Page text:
On top of that, SLAs also include information about the responsibilities and duties of both parties and a detailed list of procedures that need to be performed. For example, involved teams and stakeholders must elaborate on the procedure of request creation, report formulation, data sharing and storing, and other important steps. The SLA basically also serves as an onboarding and training tool.
- Measurable standards
You will require the standards during the evaluation of the service provider’s work. Without predefined concrete numbers, your assessment will not be precise.
This is where you should use your testing data and use it for determining realistic standard settings. Performance testing gives you information about the speed, stability, and reliability of the application which can be interpreted for performance measurements KPIs. Load testing results such as operating capacity and breaking points can also be used as some key performance standards.
- Defined consequences for underperformance
Finally, the SLA works as a guarantee that the client will receive the services they have paid for. SLAs also protect the service provider by including information about possible penalties in case of a breach or any other disruptive situations. It is also recommended to add a dispute resolution clause to establish the procedures of resolving possible conflicts or misunderstandings between the parties.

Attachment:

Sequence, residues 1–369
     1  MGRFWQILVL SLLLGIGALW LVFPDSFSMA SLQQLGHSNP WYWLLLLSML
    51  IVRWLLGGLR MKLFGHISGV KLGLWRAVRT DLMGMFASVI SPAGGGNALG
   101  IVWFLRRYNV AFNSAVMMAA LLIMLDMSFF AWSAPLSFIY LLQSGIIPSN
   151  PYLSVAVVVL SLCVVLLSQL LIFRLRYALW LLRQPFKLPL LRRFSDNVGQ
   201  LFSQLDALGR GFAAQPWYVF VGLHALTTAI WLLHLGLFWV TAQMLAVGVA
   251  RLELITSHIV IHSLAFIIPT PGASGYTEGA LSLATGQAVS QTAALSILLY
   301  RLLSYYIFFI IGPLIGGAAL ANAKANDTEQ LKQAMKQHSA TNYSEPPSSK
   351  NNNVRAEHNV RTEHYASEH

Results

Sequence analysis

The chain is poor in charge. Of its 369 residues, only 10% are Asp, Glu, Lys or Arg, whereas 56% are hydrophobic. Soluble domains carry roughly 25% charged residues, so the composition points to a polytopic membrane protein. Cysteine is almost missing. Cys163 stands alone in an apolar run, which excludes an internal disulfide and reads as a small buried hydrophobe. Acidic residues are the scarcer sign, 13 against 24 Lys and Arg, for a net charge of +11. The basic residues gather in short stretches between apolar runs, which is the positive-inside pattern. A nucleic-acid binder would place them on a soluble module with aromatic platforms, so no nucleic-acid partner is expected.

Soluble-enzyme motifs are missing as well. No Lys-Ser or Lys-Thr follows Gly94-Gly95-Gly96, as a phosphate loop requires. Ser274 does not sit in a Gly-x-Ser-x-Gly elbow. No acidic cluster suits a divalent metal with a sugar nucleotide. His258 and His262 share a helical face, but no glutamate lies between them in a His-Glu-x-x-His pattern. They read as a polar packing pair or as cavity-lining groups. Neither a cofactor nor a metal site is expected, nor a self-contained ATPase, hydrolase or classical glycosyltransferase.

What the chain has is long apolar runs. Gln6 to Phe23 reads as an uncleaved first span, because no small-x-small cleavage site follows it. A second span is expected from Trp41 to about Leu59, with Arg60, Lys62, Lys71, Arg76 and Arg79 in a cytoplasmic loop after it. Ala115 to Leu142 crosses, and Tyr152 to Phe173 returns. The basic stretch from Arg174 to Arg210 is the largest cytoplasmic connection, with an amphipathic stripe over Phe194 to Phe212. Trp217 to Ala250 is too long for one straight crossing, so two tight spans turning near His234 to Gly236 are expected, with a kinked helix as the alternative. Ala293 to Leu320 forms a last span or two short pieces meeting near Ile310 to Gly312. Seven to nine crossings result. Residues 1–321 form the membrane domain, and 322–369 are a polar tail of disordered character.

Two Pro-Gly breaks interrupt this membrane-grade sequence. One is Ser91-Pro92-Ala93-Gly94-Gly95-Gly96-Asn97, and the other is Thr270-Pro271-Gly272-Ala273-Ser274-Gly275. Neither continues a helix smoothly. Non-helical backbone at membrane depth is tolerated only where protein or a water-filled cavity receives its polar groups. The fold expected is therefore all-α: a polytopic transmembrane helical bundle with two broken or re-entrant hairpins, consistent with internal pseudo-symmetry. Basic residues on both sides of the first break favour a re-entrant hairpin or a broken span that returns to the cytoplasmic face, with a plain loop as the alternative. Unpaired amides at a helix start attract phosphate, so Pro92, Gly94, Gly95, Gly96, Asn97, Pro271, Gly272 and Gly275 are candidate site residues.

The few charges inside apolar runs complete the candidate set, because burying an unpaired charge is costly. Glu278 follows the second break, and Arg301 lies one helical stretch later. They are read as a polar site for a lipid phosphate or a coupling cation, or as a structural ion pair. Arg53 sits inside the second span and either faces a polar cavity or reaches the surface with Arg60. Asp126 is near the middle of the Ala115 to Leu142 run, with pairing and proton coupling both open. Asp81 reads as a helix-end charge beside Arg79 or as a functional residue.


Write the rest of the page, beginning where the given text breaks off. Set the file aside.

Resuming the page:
Related: Performance vs Load vs Stress Testing
Performance and Load Testing SLAs – Top 5 Best Practices
How to create an efficient and exhaustive SLA without leaving out some crucial aspects? We have prepared the top 5 best practices that will help you excel.
#1 – Establish Baseline Performance Metrics and KPIs
One of the most essential parts of an SLA is the defining of performance standards that are to be met. Determine the right metrics and KPIs before getting started. Besides running performance tests to establish your current status, you should use analytics tools like Google Analytics to determine your market position. A thorough competition scan will help you take the necessary measures.
Tip: You should run a script with virtual users against the application to compare your user behavior metrics with the industry-leading companies.
#2 – Define the SLAs
A good and flexible Performance and Load Testing tool will enable you to define SLAs, track and monitor them during your performance tests.
In the tool, you can choose the criteria you will measure, select the thresholds, determine the duration of the contract, and even make it recurring. Once all the requirements have been set, the system will automatically inform you when violations occur. You can determine if to fail the test or only raise alerts. In any case, make sure to define where you want to channel the alerts and notifications.
Tip: The parameters should be set for client-side measurements like pages or transactions as well as for server-side indicators like memory or CPU.
Related: Download the eBook – Load Testing Buyer’s Guide
#3 – Automate and Integrate into Your DevOps Pipeline
As SLA is also a way to prescribe procedures, it can serve as a bridge to automation. Include DevOps methods into your SLA to speed up testing in the CI pipeline.